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seek function always returns true

by rudyg123 (Initiate)
on Jun 19, 2007 at 22:03 UTC ( #622118=perlquestion: print w/replies, xml ) Need Help??
rudyg123 has asked for the wisdom of the Perl Monks concerning the following question:

Hi, I'm very new to Perl programming so please excuse me if this problem I'm having sounds basic. I am writing a script to parse a binary file. The file contains hex data that is formatted in such a way that I can jump anywhere in the file to read data. The program prompts the user for input asking which record in the file to read. There is a possibility that the record is not contained in the file. This can happen if the file is too small (not enough records to satisfy the input parameter request). The following code is executed and my problem is that the die is never executed. The seek is always returning a 1. I have run test cases where I know the record I am asking for is greater than the contents of the file. In other words the offset in bytes from the beginning of the file is greater than the number of bytes in the file. Why doesn't the seek return 0.
seek(FIN, $start_pc, 0) or die "seek:$!";

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Re: seek function always returns true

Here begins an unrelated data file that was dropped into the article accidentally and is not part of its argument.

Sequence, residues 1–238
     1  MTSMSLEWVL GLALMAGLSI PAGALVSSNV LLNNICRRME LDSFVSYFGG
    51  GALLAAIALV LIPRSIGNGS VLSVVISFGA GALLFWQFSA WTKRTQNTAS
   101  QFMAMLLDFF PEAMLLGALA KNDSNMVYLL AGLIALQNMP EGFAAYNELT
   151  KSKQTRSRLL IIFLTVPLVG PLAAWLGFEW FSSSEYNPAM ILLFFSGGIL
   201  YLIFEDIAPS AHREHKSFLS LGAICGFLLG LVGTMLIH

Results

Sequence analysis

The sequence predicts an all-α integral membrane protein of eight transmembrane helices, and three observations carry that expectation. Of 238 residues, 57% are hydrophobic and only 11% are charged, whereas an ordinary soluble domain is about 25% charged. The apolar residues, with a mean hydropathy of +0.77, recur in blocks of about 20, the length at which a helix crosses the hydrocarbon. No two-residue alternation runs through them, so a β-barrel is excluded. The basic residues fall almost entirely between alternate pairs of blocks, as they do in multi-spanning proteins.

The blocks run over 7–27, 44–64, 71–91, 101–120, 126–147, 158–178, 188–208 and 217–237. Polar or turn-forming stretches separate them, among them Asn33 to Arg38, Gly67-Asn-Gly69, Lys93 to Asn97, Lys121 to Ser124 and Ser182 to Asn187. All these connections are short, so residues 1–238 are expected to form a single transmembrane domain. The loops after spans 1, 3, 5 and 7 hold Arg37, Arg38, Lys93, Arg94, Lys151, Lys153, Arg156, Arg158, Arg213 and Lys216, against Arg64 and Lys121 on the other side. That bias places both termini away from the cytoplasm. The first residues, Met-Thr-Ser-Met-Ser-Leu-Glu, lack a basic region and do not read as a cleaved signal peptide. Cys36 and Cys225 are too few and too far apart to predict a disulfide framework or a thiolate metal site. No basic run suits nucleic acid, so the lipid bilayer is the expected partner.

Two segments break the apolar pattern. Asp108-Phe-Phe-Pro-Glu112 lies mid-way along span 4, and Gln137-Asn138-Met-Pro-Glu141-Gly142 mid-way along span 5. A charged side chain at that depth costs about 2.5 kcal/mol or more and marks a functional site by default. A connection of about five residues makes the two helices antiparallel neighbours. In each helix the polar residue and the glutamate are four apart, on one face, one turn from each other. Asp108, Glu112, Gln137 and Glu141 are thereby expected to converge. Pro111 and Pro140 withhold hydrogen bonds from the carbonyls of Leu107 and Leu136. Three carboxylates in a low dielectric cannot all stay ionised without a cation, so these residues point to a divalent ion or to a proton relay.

by Joost (Canon) on Jun 19, 2007 at 22:24 UTC
      I had heard of files with holes but didn't realise the implicatons for seek. Looks like you do get the read error on Solaris.

      $ ls -l xxxx -rw-r--r-- 1 johngg users 639 Jun 19 23:26 xxxx $ perl -le ' > open $in, q{<}, q{xxxx} or die $!; > seek $in, 1000, 0 == tell $in or die q{bad seek}; > print tell $in; > 10 == read $in, $buf, 10 or die q{bad read}; > print tell $in; > print $buf;' 1000 bad read at -e line 5. $



      Same on Windows (SetFilePointerEx API).
Re: seek function always returns true
by graff (Chancellor) on Jun 20, 2007 at 02:20 UTC
    It's easy enough to get the current size of the file:
    my $current_file_size = -s $file_name;
    So you just need to have that value, and check it against the number that the user provides as the offset to go to:
    if ( $start_pc >= $current_file_size ) { warn sprintf( "Your requested offset (%d) is past EOF (%d)\n", $start_pc, $current_file_size ); # and do something else, like prompt for new input }
    Of course, if the user is asking for fixed-length-record $n, you'd want to say that the requested $n is greater than the number of records in the file (file size divided by record size, which, in an ideal world, would always be an integer value).
      Thanks for all who responded to my question. I didn't realize how seek actually worked until you guys posted these responses. I didn't know that seek() could actually go beyond the EOF. I tried the code that you guys provided and it worked for me. The key for me was doing the read(). If you try and read past the EOF you do get an error. RG
Re: seek function always returns true
by crouchingpenguin (Priest) on Jun 20, 2007 at 13:17 UTC
    See eof:
    open(my $fh, '>', 'f00') or die $!; seek($fh, 100, 0) or die "seek:$!"; print "eof!" if eof($fh); close($fh);

    "Never be afraid to try something new. Remember, amateurs built the ark. Professionals built the Titanic."

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